Federal land agency is behind the times on utility-scale solar buildout rules
The Bureau of Land Management, the single biggest steward of real estate in the U.S., often finds itself in the crossfire of heated arguments over how best to use and/or protect the more than 250 million acres it is responsible for across the American West.
To put these vast holdings in context, BLM lands account for 1 of every 10 acres of surface land in the country, so what the BLM does with these taxpayer-owned properties has a big impact on local environments as well as on local economies.
The agency is supposed to see that its lands are managed in the national interest and in a way that meets a long list of responsible-use requirements. BLM lands are set aside for wildlife management, for hunting and fishing, for protection of cultural and historical resources, for camping, boating, hiking, rock-climbing, biking and at least a dozen other purposes.
BLM lands are also used for natural-resource development — mostly logging, grazing, mining and gas and oil extraction — and in this arena, the agency has lagged in responding to America’s shift to renewables in the national energy economy. An overview by the agency published last year showed renewable energy development accounting for less than 1 percent of economic activity on BLM lands, while 70 percent was controlled by oil and gas interests.
As we explained in a report we published this summer, the agency’s approach to utility-scale solar shows why. Less than 1 percent of BLM land across the sun-rich southwestern U.S.— lands in Arizona, California, Colorado, New Mexico, Nevada and Utah — are qualified for solar energy development under BLM’s rules. Much more is potentially available under special variance rules — some 19 million acres out of the more than 100 million managed in the region — but those rules are a significant and an unevenly administered constraint on new solar development.
The good news: The Shiprock Solar project, the case study we cited to demonstrate the absurdity of the agency’s no-solar-development rules across most of its sunniest holdings, has since been greenlighted to advance. The proposed 372-megawatt solar-panel farm, in the shadow of the soon-to-be-shuttered, coal-fired San Juan Generating Station in northwestern New Mexico, can now proceed through the various requisite environmental impact and permit-study hoops.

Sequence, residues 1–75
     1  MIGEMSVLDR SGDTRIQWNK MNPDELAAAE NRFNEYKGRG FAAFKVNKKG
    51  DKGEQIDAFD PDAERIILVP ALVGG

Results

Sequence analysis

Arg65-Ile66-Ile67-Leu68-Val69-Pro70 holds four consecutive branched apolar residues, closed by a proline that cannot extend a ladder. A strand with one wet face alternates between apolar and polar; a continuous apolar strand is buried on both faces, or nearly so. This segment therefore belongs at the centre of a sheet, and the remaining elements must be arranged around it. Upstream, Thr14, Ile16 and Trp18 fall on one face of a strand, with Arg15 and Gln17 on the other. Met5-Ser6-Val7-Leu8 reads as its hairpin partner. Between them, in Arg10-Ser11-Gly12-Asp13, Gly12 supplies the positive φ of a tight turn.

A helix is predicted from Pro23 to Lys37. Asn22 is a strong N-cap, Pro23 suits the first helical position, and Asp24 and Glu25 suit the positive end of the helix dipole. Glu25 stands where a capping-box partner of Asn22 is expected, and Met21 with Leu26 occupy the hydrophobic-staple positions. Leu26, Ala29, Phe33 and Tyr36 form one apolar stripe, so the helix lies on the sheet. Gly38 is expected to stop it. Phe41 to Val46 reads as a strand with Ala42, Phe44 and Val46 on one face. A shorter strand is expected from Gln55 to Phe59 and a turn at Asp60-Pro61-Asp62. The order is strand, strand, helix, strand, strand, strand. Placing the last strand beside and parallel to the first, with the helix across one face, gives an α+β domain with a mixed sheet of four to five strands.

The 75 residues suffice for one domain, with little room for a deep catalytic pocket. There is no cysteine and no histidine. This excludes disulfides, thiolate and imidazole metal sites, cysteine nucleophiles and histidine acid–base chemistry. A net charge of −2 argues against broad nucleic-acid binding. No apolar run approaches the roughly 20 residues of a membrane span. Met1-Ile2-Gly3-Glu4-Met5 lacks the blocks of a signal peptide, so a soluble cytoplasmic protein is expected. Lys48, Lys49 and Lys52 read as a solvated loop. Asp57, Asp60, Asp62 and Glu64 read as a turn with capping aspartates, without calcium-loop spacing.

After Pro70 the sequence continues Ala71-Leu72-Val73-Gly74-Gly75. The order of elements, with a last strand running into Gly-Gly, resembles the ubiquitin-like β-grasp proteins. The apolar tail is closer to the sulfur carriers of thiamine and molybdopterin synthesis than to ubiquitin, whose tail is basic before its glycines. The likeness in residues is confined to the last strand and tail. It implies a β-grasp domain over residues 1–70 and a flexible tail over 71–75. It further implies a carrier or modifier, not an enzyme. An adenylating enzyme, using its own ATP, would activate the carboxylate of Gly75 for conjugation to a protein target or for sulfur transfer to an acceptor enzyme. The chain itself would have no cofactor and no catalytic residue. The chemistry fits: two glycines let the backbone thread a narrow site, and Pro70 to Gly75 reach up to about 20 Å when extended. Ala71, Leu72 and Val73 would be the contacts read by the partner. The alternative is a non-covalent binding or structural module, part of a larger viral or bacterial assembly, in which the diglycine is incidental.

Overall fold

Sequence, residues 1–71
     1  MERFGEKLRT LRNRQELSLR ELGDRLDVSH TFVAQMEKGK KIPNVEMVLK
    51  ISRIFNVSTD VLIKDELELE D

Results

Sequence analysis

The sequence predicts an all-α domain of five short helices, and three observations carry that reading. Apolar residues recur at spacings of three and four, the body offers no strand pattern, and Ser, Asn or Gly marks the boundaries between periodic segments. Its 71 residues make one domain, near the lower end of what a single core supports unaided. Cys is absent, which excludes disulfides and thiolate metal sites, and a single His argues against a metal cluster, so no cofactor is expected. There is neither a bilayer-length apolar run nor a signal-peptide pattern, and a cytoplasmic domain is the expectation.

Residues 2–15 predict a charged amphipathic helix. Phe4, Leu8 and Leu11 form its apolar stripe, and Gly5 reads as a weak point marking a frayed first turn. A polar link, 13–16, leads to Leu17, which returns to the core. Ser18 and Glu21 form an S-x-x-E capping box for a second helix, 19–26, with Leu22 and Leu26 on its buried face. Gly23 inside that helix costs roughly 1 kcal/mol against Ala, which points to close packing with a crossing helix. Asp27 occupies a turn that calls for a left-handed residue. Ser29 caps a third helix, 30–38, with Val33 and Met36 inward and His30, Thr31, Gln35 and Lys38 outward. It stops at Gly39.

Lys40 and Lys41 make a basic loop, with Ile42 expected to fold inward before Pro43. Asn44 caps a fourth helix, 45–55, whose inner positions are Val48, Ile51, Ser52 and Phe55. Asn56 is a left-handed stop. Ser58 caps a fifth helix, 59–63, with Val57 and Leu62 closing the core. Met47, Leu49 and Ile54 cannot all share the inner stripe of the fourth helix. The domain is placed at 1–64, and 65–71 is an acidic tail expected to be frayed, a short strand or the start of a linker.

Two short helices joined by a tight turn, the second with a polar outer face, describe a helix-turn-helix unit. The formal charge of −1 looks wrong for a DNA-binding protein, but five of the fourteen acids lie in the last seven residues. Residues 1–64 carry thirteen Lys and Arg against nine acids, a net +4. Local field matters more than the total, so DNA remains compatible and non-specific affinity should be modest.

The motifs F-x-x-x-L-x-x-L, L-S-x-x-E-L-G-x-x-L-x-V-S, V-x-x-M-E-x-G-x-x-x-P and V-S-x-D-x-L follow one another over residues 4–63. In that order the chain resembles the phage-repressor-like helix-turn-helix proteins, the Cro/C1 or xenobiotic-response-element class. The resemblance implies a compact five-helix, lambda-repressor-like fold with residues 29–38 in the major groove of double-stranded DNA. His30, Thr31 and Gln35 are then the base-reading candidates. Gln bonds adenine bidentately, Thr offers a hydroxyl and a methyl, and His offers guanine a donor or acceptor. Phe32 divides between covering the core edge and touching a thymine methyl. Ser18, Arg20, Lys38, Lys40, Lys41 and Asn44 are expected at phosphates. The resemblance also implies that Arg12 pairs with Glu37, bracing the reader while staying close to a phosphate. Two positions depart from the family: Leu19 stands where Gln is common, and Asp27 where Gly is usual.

But the special approval of this and several other big solar projects in recent months does not fix the larger problem at the BLM; a better, more streamlined policy is required under a change that will require stronger leadership from Washington informed by the realities of where electricity-generation markets are moving.
Variance proceedings are costly and slow, and the agency is long overdue for a rules adjustment that will open more BLM lands to renewable energy development without having to run a gauntlet of onerous rezoning requirements.
For the town of Farmington, near the Shiprock site in New Mexico, the BLM approval is good news. The development will help offset some of the job and revenue losses the town and the surrounding area will suffer when the coal plant closes. The area has one of the biggest concentrations of power transmission in the country, so full approval would help open the door to a regional new energy sector that will be an important building block in community economic recovery.
The time has come for the BLM to make the process of getting projects like Shiprock to the starting gate the norm, not the exception.
Karl Cates and Seth Feaster are analysts at the Institute for Energy Economics and Financial Analysis.